JERUSALEM, Israel – Israel unleashed a new wave of airstrikes on the Gaza Strip Tuesday morning as the fighting between Israel and Hamas rages on for the second week. There was a rare pause in rocket fire overnight, but Gaza terrorists resumed their attack on Israeli civilians Tuesday at dawn, the Israeli military said. There were no immediate reports of injuries or casualties.
Israel said it struck approximately 65 terror targets in the Gaza Strip overnight, including Hamas' tunnel system, the houses of five commanders, rocket launchers, and other terror infrastructure.
On Monday, Israel carried out heavy airstrikes on terror targets in the coastal enclave, destroying the homes of nine Hamas commanders and miles of underground tunnels built by the terror group. Terror groups in Gaza also continued to fire barrages of rockets and mortars at Israeli civilians.
People look at a residential building after it was hit by a rocket fired from the Gaza Strip, in Ashdod, southern Israel, Monday, May 17, 2021. (AP Photo/Maya Alleruzzo)
International calls for an immediate ceasefire are growing.
US President Joe Biden spoke with Israeli Prime Minister Benjamin Netanyahu Monday evening and “expressed his support for a ceasefire,” the White House said. Biden “reiterated his firm support for Israel’s right to defend itself against indiscriminate rocket attacks” and urged Israel to “make every effort to ensure the protection of innocent civilians,” according to a White House readout.
The Biden administration has not given Israel a deadline to reach a ceasefire, an Israeli official told Axios.
Rockets are launched from the Gaza Strip to Israel, Monday, May 17, 2021. (AP Photo/Hatem Moussa)
Biden’s move falls short of joining Democratic Party demands for an immediate ceasefire, and his support for Israel is raising red flags among a growing number of House Democrats who are questioning Washington’s support for Jerusalem.
House Democrats are reportedly considering delaying the US sale of $735 million in precision-guided missiles to Israel. The Washington Post reported Monday that the Biden administration approved the weapons sale to Israel on May 5 before the current round of fighting began, giving Congress 15 days to object.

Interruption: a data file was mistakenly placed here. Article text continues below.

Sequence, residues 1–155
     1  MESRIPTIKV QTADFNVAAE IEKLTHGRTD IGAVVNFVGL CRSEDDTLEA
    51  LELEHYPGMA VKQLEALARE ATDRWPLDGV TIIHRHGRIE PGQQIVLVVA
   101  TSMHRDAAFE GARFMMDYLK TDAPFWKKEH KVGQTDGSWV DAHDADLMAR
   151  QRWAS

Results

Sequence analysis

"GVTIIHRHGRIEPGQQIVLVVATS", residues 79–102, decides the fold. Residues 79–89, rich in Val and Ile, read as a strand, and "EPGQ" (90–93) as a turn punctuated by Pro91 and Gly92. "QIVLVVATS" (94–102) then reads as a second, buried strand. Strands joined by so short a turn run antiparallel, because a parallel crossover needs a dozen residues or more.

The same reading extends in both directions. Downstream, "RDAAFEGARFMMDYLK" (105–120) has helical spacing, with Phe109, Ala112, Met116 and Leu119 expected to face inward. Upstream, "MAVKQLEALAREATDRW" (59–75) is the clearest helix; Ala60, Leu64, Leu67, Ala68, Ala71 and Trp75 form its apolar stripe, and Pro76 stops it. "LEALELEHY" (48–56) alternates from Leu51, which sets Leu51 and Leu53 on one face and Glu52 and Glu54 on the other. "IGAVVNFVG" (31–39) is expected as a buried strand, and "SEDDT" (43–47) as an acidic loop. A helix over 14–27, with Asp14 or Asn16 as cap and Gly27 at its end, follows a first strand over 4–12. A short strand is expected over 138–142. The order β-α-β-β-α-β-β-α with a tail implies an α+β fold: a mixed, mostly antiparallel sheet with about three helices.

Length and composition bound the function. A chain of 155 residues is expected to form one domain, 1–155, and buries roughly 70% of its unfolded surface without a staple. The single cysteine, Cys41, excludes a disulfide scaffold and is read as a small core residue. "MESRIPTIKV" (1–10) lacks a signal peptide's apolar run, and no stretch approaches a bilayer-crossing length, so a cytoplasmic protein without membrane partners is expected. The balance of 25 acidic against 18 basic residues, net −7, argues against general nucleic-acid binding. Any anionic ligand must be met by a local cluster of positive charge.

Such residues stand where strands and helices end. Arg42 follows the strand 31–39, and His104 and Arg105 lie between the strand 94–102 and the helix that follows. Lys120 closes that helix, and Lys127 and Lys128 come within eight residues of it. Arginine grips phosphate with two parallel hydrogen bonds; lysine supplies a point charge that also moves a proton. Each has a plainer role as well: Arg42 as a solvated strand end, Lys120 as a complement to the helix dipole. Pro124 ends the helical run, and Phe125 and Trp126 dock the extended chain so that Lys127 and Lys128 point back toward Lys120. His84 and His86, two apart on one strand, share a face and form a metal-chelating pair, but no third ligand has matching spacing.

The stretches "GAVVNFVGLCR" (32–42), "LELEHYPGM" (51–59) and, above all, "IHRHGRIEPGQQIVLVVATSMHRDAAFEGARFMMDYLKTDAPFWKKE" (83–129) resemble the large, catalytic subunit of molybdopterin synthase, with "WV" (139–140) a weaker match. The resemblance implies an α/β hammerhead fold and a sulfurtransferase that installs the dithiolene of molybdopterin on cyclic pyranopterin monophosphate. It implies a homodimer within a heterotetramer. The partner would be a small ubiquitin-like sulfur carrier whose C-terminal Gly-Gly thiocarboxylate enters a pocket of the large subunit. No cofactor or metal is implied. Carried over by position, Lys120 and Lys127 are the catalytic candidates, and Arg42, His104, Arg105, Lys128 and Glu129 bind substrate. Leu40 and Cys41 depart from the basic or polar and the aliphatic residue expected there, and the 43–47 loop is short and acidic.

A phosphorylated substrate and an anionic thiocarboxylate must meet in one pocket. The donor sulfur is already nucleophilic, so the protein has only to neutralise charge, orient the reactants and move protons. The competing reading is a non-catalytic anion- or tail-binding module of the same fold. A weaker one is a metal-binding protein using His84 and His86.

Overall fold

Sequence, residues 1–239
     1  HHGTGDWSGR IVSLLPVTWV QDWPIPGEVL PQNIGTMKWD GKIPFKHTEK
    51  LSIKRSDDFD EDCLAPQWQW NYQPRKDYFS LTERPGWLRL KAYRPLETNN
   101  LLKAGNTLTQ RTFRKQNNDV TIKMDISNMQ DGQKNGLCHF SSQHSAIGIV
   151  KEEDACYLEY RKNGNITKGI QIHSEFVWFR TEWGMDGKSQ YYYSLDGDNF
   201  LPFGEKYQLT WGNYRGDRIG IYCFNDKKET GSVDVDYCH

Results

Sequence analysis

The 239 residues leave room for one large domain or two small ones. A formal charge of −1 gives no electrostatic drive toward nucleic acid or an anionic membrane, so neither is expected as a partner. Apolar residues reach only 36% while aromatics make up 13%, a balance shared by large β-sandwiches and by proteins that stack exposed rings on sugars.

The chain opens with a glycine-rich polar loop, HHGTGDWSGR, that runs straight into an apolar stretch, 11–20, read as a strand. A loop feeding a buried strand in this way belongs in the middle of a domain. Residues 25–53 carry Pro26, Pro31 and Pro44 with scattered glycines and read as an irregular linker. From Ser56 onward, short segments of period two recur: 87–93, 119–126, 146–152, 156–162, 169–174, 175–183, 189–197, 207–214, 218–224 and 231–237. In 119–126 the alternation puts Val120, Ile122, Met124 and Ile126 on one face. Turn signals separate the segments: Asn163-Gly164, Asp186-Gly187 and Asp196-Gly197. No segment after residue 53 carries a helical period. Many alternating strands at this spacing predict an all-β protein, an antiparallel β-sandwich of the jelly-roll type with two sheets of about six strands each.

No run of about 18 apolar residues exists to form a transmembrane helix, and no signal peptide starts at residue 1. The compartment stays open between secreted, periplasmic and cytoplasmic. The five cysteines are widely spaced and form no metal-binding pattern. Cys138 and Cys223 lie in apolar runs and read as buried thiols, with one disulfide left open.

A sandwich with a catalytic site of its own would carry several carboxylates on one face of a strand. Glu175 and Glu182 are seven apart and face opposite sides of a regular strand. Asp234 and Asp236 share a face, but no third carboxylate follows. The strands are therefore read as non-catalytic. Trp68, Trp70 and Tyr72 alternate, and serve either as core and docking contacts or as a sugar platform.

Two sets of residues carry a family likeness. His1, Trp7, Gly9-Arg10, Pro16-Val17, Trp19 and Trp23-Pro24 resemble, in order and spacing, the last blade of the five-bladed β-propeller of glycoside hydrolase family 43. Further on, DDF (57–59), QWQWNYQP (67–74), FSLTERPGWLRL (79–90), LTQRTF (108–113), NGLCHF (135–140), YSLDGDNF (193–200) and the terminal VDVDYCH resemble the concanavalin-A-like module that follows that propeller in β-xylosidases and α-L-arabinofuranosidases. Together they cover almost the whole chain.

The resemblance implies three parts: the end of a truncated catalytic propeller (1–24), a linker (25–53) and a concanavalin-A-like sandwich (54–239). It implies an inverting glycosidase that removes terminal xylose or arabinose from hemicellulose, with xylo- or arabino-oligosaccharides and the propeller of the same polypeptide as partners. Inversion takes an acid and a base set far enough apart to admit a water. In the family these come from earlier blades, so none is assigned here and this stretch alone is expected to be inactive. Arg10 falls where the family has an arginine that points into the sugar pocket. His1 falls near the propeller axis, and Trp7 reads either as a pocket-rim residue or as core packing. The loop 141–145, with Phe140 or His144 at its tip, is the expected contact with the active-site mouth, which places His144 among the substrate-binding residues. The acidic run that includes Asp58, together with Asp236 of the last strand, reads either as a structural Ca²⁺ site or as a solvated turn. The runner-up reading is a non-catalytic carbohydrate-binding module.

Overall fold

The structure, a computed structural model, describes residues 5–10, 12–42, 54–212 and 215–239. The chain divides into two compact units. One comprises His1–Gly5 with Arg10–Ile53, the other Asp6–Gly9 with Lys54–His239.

The Post reported that Democrats who are critical of unconditional aid to Israel are pressing for more details about the weapons sale.
“Congress must intervene and stop the sale of these weapons,” Rep. Ilhan Omar, a harsh critic of Israel, tweeted.
Meanwhile, the bipartisan American Israel Public Affairs Committee (AIPAC) is urging “members of Congress and the administration [to] unequivocally stand with our ally Israel as it confronts this terrorist threat.”
“There is no moral equivalence between a democratic ally and a designated terrorist organization,” AIPAC said in a statement.
Prime Minister Benjamin Netanyahu said Monday that Israel will “continue to strike terror targets” and will “continue to operate as long as necessary in order to return calm and security to all Israeli citizens.”
At least 212 Palestinians have been killed in the week of airstrikes, with more than 1,400 people wounded, according to the Hamas-run Gaza Health Ministry.
Ten people in Israel, including a young boy and a soldier, have been killed in the ongoing rocket attacks launched from civilian areas in Gaza toward civilian areas in Israel.
Israel says it does not target civilians and that most of the dead were terrorists or killed by errant rockets that accidentally fell in the Gaza Strip. The Israeli military says it uses a tactic called “roof knocking” where they hit a building with a device to warn people to leave a building that will be targeted. They also call or text the people to get out of harm’s way.
Still, many are concerned about the growing civilian death toll amid the violence.
A man inspects the rubble of destroyed commercial building and Gaza health care clinic following an Israeli airstrike on the upper floors of a commercial building near the Health Ministry in Gaza City, on Monday, May 17, 2021. (AP Photo/Adel Hana)
The war broke out on May 10, when Hamas fired rockets at Jerusalem after weeks of clashes in the holy city between Palestinian protesters and Israeli police.
Terrorists in Gaza have launched more than 3,440 rockets at Israel in just one week, marking some of the worst fighting between Israel and Hamas since the 2014 war. Israel says approximately 500 of those rockets resulted in failed launches that fell in the Gaza Strip.
IDF Chief of Staff Aviv Kohavi said on Monday that the fighting will continue for at least the next two days, but will continue “as long as it must.”
“Hamas made a mistake when it conducted that launch eight days ago toward Jerusalem. They didn’t think what happened would happen,” Kohavi said.
Egypt, which has long played a role in brokering ceasefires between Israel and Hamas, is working on one now to end the current round of violence.
A diplomatic source close to Egypt’s negotiations told the Times of Israel on Monday that “we’re close” and a ceasefire should be reached in “two days maximum."
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